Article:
Either/or: Exploring Sri Lanka’s budget deficit



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Post-war Sri Lanka’s budget deficit fell substantially from 10% of GDP to 5.8%, the lowest in nearly three decades. Unfortunately, this significant decline was not steep enough for the government to meet its 2011 target of reducing the budget deficit to 5%. This Insight explores the government’s success and failure at tackling the deficit.


But first some definitional housekeeping. The budget deficit is calculated by subtracting government spending from government earnings in a given year. The government spends on providing public services. In return it taxes the population directly through income and corporation taxes, in addition to indirect taxes like VAT and customs duties. If government spending is greater than revenue, it needs to borrow the money either domestically or abroad.


Therefore the government can reduce the budget deficit in two ways: either through reducing expenditure or increasing revenue. Post-war, with hope of lower defence spending and higher growth, expenditure was expected to decline and revenue increase. As predicted expenditure declined, but contrary to projections revenue did not.


Government
expenditure’s
post-war fall


So first let’s see what happened to expenditure. Government spending is primarily allocated to public sector salaries and human/physical infrastructure; basically, recurrent expenditure and capital investment. Both declined considerably post-war. See Exhibits 1 and 2 for their decline between 2009 and today.


So what then explains declining expenditure? Other than defence, the answer is falling expenditure as a share of GDP on social services including education, health and welfare – important drivers of medium and long term growth. For example, education’s share of GDP experienced a year-on-year decline of 14% between 2009 and 2013. Currently it’s at 1.8% of GDP, the lowest share in the last 63 years.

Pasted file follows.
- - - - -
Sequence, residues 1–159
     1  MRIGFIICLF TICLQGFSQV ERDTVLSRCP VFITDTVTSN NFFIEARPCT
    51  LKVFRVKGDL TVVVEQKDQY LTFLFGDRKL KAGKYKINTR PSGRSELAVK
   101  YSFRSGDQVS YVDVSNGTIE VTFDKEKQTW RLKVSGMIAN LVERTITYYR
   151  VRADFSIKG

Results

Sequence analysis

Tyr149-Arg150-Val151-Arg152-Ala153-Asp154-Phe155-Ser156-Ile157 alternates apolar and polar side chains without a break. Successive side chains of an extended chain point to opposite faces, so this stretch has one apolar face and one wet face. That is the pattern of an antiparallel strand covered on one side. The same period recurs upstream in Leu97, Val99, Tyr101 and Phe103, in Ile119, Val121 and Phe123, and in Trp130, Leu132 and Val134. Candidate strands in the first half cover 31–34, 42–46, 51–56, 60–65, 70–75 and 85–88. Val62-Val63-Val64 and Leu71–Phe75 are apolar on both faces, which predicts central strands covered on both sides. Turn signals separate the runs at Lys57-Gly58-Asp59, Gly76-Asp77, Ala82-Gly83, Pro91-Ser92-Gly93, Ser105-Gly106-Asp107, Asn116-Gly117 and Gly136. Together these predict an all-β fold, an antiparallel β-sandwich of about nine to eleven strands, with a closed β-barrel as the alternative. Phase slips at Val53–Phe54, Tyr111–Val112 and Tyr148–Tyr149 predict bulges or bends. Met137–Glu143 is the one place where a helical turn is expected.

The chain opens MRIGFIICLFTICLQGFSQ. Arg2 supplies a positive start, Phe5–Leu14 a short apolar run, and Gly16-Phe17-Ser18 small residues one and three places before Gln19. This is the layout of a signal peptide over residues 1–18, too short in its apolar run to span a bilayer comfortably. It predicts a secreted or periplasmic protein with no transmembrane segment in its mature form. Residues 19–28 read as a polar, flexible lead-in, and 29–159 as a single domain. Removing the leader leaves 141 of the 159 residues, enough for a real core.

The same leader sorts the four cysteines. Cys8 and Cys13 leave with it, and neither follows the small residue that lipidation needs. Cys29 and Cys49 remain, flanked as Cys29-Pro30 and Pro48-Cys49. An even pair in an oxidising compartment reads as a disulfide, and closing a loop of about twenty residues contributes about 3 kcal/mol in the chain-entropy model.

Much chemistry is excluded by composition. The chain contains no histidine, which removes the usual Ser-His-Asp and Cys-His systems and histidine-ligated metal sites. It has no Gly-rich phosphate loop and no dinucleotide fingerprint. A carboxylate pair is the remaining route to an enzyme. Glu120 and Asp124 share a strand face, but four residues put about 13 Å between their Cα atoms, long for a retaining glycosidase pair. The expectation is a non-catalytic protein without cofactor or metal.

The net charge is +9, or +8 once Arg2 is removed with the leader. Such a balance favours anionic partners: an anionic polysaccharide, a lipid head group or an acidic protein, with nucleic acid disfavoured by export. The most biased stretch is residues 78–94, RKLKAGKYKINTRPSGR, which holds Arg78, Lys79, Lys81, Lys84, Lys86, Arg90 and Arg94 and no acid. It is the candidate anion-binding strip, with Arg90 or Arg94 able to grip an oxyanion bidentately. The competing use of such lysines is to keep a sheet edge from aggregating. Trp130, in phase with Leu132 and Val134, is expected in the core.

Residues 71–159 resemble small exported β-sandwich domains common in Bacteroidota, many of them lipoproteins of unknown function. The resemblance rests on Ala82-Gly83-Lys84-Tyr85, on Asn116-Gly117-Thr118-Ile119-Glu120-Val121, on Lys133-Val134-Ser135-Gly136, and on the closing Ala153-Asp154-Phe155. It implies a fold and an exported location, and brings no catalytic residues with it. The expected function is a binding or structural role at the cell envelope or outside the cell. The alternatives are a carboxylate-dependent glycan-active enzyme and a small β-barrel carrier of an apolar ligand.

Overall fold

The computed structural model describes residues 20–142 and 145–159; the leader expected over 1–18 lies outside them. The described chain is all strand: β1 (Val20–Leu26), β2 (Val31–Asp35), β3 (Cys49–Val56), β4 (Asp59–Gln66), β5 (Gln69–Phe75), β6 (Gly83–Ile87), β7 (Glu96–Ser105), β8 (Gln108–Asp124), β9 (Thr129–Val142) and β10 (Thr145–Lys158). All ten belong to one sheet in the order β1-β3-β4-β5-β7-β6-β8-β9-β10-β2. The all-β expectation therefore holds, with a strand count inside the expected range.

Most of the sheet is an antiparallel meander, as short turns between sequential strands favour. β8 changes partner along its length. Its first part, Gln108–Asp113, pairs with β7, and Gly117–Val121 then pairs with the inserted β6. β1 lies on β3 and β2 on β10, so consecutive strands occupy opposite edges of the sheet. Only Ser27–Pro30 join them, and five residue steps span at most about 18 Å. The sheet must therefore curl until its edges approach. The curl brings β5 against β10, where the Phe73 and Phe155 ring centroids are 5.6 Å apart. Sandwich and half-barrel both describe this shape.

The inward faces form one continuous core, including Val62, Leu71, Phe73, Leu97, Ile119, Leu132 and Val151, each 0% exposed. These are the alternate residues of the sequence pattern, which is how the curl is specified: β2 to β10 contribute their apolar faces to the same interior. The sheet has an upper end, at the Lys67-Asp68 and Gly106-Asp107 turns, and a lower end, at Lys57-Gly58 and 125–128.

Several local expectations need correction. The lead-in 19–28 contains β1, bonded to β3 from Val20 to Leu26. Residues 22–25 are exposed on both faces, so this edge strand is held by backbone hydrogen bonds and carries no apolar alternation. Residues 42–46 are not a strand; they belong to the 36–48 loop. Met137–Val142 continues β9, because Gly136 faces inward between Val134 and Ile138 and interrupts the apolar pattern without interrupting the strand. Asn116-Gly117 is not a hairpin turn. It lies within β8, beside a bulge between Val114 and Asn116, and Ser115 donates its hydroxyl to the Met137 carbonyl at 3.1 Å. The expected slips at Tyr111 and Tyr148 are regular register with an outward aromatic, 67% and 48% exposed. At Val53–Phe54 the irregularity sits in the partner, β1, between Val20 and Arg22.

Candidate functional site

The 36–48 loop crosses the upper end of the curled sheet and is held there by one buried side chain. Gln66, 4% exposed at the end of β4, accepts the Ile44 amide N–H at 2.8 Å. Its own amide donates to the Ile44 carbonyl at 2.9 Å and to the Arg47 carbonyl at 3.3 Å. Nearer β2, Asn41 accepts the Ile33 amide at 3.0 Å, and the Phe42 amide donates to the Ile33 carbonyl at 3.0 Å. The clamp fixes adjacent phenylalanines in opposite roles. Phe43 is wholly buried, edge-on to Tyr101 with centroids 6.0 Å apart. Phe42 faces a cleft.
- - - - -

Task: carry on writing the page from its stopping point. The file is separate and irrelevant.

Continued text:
Revenue and Revenue Expectations Down


Having examined declining expenditure, this section explores revenue’s status. Contrary to projections government revenue as a percentage of GDP did not increase, it declined. Exhibit 3 makes it clear that Sri Lanka’s declining deficit is not caused by increasing revenue. The exhibit also shows how over time expectations of government revenue also declined as revenues projected share of GDP declined.


Either Budget Deficit or Trade Deficit


Why is revenue as a share of GDP not increasing? One important obstacle for increasing revenue is that current policy for increasing revenue generates pressure on the trade deficit. Taxes on imports account for about half of all government revenue. Sri Lanka wants to reduce both the budget deficit and the trade deficit but it can’t do both simultaneously. It’s as if Sri Lanka needs a pair of shoes, but the shopkeeper only has one shoe. That is, if the government wants to increase revenue to reduce the budget deficit it needs to allow more imports. Increasing imports, however, exacerbates the trade deficit. So trying to improve the budget deficit has a negative effect on the trade deficit and vice versa.


The concern is particularly acute as the elasticity between imports and taxation can be high. Elasticity refers to how much a change in one variable affects another variable e.g. the length a piece of elastic will extend for a given level of force used to pull it. In the case of imports and taxation, elasticity refers to how much tax revenue changes as a result of changes in imports. See Imports declined by 0.9% between January and September this year. However, this small decline amounted to a 20% decline in expected international trade tax revenue.


Imports play an important role in promoting economic growth and thus in the medium run government revenue. Post-war Sri Lanka’s growth war initially led by import growth and then by construction. Imports played a critical role in both these stories. Import trade accounts for around 13% of services (which in turn account for over half the whole economy). But notably it seems to be the driving force behind service sector growth. With exceptional import growth in 2011, services also expanded rapidly; when the government curtailed imports in 2012 services growth in turn approximately halved. The same is the case the third quarter of 2013. In the case of construction, as the sector took off after 2011, imports of construction materials increased tripled in a year, showing how dependent the sector is on imports. As construction declines to pre-war levels ensuring raw material supply will be essential to sustaining growth.


The analysis above shows that in Sri Lanka fiscal deficit, trade deficit and economic growth are all closely linked and managing one without managing the other is not possible. Attempting to curtail imports and cut expenditure has its limits. Perhaps the time is now to focus on boosting exports and reforming domestic taxes. For more detailed analysis await our forthcoming report on the 2014 budget.


Verité Research provides strategic analysis and advice for governments and the private sector in Asia. Send us your comments on insights@veriteresearch.org


 
 
 
 
 
 
 
 
 
 
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